Chiarella v. U.S.

445 U.S. 222 (1980)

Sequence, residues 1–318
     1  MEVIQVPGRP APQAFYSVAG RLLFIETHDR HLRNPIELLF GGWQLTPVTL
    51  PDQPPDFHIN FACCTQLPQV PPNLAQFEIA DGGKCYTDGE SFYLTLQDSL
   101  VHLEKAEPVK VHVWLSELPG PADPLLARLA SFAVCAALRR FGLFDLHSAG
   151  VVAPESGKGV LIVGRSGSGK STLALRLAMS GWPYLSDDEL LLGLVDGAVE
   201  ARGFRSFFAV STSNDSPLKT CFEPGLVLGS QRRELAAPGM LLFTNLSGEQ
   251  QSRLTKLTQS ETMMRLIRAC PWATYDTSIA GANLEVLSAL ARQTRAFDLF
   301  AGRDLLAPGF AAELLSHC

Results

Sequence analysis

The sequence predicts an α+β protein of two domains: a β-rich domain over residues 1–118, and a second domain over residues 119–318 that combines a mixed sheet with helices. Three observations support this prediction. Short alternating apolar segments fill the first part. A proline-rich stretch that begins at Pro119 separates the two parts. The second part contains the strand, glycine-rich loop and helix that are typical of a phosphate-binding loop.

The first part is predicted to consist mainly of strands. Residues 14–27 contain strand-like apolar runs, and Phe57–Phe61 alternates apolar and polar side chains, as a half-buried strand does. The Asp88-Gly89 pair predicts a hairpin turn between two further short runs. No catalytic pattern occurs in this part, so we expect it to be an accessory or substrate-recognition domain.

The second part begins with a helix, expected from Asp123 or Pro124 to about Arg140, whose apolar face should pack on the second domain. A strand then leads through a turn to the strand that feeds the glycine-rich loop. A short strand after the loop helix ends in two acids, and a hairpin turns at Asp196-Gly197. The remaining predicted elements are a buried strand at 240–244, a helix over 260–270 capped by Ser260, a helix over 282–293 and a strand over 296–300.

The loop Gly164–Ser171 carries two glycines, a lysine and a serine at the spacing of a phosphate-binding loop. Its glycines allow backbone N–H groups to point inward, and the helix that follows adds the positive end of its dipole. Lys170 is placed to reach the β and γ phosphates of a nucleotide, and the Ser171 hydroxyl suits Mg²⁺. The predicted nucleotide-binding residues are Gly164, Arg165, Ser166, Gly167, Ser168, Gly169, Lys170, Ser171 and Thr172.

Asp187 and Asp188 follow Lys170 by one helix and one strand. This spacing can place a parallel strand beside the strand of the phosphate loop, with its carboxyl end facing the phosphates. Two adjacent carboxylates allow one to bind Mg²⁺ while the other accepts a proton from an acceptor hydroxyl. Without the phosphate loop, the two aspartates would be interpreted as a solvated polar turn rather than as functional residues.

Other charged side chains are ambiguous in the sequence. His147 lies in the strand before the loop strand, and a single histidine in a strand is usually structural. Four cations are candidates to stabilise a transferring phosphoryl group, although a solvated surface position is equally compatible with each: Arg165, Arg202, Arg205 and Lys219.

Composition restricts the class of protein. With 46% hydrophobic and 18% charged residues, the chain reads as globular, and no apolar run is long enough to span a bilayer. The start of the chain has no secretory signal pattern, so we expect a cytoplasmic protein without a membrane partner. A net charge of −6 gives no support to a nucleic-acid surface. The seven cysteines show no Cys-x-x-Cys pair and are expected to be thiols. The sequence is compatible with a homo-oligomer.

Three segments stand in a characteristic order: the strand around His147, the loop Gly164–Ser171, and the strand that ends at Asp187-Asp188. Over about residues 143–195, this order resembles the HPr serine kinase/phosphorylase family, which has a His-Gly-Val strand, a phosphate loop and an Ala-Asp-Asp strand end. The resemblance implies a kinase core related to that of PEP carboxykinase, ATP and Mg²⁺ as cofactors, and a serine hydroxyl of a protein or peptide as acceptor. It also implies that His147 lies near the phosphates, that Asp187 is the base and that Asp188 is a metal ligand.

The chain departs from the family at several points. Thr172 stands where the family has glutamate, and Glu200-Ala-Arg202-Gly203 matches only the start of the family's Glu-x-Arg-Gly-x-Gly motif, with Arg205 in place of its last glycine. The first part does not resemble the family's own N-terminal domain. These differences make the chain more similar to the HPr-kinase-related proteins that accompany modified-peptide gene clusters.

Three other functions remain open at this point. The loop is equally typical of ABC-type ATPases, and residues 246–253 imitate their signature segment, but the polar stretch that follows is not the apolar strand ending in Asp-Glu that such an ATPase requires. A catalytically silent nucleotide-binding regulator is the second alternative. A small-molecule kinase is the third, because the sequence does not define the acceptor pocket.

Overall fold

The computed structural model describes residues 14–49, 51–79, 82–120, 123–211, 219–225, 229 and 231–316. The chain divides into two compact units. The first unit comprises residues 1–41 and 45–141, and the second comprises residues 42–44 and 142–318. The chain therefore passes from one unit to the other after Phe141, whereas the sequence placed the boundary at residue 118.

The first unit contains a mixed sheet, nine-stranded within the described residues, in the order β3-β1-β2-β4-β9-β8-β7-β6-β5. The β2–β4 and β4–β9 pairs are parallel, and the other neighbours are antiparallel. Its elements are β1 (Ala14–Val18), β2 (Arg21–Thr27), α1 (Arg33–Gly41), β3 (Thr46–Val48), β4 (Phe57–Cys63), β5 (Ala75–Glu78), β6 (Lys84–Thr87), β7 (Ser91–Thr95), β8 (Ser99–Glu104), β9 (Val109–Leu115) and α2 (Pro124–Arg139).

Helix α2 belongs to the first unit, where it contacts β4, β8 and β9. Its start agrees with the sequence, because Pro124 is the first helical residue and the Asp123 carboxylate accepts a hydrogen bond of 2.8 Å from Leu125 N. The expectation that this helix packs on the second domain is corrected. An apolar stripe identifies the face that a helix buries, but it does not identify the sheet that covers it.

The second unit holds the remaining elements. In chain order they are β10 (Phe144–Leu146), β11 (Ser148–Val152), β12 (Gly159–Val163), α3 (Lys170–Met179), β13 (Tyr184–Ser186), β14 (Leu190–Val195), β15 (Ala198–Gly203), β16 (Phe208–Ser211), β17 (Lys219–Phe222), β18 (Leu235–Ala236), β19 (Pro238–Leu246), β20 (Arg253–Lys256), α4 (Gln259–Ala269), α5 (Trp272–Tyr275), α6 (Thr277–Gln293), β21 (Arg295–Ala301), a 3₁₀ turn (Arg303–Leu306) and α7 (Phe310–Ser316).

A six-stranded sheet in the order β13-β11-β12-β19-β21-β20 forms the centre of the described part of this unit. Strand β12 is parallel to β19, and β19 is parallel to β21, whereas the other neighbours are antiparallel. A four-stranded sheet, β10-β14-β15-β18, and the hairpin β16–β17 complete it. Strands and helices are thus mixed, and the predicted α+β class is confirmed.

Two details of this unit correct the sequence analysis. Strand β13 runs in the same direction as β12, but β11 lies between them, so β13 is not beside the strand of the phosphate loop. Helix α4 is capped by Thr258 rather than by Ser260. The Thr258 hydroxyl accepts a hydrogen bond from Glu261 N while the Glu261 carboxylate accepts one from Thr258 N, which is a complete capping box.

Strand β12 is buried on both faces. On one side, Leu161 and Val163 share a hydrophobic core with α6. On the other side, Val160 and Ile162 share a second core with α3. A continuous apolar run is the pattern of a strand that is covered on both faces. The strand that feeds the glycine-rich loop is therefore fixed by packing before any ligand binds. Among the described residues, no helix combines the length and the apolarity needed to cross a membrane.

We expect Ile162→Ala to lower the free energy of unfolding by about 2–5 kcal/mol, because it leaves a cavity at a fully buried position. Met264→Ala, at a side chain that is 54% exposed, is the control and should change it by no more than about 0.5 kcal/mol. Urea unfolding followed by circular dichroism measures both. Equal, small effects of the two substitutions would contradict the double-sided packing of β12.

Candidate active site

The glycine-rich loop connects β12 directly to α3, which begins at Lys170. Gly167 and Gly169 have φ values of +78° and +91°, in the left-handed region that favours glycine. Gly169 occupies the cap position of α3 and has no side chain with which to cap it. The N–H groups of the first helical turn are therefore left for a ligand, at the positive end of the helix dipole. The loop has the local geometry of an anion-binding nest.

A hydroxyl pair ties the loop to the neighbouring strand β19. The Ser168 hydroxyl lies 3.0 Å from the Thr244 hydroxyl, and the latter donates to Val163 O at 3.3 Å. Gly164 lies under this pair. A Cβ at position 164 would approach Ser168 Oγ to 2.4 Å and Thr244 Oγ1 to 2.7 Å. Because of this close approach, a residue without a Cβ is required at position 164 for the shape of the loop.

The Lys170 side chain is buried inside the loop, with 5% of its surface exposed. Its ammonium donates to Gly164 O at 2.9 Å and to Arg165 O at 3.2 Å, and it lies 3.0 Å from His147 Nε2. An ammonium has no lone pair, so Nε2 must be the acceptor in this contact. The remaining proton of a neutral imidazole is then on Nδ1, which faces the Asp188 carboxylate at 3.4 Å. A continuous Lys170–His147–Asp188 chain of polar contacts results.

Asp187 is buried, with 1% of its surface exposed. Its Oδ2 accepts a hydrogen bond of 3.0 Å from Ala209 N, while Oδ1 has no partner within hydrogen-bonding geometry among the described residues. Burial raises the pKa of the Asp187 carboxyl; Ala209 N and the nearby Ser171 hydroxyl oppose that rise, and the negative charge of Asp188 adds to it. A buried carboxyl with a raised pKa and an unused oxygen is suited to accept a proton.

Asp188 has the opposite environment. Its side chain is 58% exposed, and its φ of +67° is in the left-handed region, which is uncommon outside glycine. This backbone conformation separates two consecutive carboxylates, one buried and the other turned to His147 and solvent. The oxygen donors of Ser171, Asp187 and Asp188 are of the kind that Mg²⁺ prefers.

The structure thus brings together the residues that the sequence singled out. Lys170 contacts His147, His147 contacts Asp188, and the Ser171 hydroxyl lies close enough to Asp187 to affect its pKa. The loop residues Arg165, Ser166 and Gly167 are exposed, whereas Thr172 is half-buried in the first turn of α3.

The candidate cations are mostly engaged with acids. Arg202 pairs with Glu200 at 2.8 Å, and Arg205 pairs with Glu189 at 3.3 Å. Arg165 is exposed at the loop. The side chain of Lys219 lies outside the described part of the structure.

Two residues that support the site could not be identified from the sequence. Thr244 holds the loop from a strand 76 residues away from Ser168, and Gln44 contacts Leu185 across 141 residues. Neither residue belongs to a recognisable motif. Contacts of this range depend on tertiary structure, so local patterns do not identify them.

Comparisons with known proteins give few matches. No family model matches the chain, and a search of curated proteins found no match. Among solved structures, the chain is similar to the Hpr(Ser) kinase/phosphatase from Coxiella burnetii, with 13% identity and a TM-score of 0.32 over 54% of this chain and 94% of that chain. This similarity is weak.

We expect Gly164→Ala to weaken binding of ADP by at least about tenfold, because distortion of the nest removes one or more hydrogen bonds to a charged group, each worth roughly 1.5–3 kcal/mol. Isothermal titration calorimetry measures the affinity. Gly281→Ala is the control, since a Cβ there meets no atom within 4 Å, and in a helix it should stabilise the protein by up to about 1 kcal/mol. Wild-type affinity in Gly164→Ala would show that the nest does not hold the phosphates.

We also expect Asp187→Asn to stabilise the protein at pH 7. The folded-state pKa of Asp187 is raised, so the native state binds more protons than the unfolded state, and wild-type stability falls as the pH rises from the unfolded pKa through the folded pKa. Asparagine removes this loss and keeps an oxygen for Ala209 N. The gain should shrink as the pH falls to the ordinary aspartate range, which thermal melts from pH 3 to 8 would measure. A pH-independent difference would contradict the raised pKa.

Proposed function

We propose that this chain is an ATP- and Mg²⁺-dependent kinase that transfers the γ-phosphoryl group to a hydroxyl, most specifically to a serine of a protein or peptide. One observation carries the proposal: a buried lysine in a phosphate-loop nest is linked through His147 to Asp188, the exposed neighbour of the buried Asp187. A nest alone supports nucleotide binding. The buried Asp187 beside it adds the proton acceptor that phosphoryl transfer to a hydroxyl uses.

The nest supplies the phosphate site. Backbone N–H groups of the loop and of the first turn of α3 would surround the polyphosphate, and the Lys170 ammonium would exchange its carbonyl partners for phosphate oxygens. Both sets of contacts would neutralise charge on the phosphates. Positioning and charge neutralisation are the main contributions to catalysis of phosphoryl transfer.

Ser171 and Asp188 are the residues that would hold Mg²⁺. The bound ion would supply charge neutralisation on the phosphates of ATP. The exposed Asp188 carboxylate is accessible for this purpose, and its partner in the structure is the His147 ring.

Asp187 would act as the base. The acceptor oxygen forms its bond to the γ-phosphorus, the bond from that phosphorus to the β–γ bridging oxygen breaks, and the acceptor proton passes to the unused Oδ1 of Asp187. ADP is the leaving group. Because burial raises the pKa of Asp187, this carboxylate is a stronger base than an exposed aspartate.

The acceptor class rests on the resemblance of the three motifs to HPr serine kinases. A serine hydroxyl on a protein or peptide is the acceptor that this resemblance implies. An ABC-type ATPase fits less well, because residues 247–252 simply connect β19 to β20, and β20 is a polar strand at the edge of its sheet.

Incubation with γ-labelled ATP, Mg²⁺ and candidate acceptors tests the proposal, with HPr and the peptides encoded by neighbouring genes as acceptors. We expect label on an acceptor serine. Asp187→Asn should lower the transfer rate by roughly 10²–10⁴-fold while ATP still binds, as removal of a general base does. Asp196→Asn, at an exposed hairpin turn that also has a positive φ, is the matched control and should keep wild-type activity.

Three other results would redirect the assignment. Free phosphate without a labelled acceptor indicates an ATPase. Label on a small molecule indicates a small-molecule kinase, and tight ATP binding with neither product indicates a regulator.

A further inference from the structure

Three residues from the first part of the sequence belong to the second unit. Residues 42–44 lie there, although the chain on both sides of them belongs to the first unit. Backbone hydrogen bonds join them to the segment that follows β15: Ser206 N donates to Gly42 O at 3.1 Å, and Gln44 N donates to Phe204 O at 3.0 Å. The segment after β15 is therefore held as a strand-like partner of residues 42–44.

D is a printer by trade who worked as a 'markup man.' D handled were five announcements of corporate takeover bids. When these documents were delivered to the printer, the identities of the acquiring and target corporations were concealed by blank spaces or false names. The true names were sent to the printer on the night of the final printing. D was able to deduce the names of the target companies before the final printing from other information contained in the documents. Without disclosing his knowledge, D purchased stock in the target companies and sold the shares immediately after the takeover attempts were made public. D realized a gain of slightly more than $30,000 in the course of 14 months. The Securities and Exchange Commission (P) began an investigation of his trading activities. D entered into a consent decree with the Commission in which he agreed to return his profits to the sellers of the shares. D was discharged by his employer. D was indicted on 17 counts of violating § 10 (b) of the Securities Exchange Act of 1934 (1934 Act) and SEC Rule 10b-5. D was convicted on all counts. The Court of Appeals for the Second Circuit affirmed petitioner's conviction. The Supreme Court granted certiorari.